The albino python is hit with Reagan Silver, Harper Gillespie, Lilly Silver and Jillian Gillespie and handler Turk Ozerol of My Reptile Guys.
Photo by Mike Salmon.
Springfield Petting “Flash,” the albino Burmese Python was done with one finger, but it was still described as “soft,” or “squishy,” said sisters Harper and Jillian Gillespie,
who were in the room at the Pohick Regional Library for the “My Reptile Guys” show, an afternoon event which featured snakes, lizards and turtles. “It was my first snake to pet,” added their friend Reagan Silver.
The girls were among a crowd of 6-12 year olds at the library to see Turk Ozerol handle the reptiles and discuss their habits and diets. First one to come out of plastic storage boxes was “Fred,” the Bearded Dragon lizard, which one of the boys in the audience identified. “They all have names like we do,” said Ozerol.
Included in the show was Sara the Red Eared Slider turtle, Skippy the Black Rat Snake, Doodles the Ball Python, Little Hercules, the snapping turtle, and finally Flash. Ozerol intertwined lessons as he showed the reptiles, and even a little bit of environmental stewardship for the group. Doodles the Ball Python for example, was from West Africa but are now all over the Florida Everglades eating the alligators. Then there was Little Hercules, “he is like a vacuum cleaner of the pond,” Ozerol said. One girl in the audience could relate, and saw some of the same turtles at Burke Lake, she said.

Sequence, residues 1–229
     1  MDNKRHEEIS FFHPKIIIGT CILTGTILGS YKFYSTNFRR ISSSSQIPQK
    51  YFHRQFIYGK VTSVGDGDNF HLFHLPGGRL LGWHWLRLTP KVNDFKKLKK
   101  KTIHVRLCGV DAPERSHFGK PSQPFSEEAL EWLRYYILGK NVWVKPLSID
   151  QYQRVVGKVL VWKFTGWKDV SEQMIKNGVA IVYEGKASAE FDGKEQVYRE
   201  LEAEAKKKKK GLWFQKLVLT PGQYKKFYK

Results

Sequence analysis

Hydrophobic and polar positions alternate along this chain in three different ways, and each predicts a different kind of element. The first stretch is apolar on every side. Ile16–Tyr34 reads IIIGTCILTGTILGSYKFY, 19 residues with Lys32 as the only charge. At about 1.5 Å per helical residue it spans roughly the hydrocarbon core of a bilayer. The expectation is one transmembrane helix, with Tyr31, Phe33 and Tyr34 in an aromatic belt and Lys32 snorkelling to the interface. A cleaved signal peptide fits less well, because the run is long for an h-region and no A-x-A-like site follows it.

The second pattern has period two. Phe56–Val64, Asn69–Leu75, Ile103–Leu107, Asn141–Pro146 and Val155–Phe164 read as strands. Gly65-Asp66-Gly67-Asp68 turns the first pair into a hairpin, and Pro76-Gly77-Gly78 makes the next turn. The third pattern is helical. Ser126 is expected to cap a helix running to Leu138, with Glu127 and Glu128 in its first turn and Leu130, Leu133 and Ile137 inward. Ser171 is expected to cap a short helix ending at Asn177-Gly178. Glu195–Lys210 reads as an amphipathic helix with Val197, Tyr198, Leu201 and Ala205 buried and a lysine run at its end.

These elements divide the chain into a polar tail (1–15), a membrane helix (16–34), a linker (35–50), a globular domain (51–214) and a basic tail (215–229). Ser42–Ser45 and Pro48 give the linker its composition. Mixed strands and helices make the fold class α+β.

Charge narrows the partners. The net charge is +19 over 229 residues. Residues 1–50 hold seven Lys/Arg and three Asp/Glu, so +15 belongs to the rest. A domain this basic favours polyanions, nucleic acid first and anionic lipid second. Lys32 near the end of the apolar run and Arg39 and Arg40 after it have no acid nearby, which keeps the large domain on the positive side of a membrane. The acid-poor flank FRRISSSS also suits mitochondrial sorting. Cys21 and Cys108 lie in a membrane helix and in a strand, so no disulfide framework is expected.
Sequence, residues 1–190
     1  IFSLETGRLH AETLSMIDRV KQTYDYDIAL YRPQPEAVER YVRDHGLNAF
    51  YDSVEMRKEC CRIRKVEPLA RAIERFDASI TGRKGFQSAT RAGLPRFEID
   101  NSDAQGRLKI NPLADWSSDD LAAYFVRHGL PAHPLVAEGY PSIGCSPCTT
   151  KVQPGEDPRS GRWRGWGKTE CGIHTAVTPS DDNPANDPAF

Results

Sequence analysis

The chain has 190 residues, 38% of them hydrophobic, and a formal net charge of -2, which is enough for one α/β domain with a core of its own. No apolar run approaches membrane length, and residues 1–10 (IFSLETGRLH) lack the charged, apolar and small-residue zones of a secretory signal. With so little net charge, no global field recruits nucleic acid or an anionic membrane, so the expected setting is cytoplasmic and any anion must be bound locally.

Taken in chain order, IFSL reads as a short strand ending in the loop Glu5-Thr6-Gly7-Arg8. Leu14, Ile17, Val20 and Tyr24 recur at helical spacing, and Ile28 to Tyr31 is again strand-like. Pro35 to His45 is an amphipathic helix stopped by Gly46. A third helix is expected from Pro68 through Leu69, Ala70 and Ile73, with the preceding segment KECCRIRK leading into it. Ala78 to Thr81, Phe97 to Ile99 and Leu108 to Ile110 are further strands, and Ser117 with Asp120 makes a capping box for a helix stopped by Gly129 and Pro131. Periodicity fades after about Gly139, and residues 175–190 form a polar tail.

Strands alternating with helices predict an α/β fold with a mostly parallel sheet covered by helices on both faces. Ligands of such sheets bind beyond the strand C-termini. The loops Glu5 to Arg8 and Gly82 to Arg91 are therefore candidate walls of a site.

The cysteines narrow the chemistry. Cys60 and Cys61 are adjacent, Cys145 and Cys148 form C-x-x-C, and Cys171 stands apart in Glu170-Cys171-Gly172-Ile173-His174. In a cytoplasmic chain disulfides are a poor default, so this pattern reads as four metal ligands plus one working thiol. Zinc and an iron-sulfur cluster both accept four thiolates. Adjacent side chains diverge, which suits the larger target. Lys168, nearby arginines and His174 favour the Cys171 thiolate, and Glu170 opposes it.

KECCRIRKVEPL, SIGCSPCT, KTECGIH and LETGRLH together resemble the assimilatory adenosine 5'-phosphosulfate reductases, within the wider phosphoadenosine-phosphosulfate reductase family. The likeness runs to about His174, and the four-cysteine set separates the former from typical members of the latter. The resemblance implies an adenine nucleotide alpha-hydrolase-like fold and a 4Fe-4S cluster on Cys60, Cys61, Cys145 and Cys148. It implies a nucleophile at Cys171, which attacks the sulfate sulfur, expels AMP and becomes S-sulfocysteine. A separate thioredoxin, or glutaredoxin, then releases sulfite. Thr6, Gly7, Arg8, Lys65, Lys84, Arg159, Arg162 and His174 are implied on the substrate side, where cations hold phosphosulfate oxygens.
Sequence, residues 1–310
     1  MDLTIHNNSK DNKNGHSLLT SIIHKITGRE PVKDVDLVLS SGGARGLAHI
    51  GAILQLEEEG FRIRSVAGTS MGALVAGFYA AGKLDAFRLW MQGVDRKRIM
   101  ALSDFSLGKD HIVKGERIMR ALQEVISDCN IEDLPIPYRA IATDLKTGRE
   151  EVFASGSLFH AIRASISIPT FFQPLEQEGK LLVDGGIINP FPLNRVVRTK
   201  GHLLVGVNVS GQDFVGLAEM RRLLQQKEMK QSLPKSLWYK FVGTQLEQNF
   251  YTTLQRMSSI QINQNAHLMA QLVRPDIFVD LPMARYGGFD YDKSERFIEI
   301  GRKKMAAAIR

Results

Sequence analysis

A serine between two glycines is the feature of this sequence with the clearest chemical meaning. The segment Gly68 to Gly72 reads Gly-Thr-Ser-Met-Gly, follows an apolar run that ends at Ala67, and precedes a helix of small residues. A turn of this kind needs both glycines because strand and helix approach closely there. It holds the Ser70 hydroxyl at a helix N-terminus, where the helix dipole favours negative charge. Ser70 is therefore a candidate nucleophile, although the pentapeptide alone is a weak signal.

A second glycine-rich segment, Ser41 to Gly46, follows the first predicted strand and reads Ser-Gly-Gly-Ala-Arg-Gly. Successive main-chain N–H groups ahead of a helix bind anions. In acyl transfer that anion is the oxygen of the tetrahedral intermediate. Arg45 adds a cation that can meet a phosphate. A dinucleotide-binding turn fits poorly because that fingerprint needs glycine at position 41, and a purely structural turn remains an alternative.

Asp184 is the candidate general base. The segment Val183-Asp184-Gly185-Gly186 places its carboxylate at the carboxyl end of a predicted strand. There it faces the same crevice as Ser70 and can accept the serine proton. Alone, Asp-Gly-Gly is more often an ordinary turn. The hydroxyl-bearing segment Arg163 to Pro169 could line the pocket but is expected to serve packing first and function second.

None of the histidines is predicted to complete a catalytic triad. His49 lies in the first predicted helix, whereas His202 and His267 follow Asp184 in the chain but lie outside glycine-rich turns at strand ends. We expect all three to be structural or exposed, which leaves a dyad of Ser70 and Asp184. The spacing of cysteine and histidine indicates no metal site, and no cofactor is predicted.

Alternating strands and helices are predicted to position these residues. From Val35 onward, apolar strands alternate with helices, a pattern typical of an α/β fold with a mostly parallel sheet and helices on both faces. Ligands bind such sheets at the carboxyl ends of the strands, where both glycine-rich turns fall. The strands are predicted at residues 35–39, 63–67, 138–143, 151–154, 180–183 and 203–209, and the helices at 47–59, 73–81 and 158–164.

The Bearded Dragon “eats a variety of roaches, crickets and various vegetables,” said Ozerol. “In this air conditioned room, he gets cold.” Skippy the Black
Rat Snake “is actually our friend,” he added, and that’s because he is known to eat rodents. “He swallows it whole,” he added, and that brought out the giggles whispering in the crowd.
The reptile show at the library was part of the summer schedule of events at all the libraries all over the county. Ozerol’s stop at Pohick was his 20th library visit this summer. Other entertainment events include puppet shows, painting lessons, dance, movies and more for county residents. A lively Jack Russell Terrier show at Pohick in June was a hit.
Fairfax County Library spokesperson Mary Mulrenan looks at the learning events in the libraries as a part of their programs. “Anything that gets the people into the libraries is an advantage,” she said. Throughout the year, they have a “myriad of opportunities,” she added.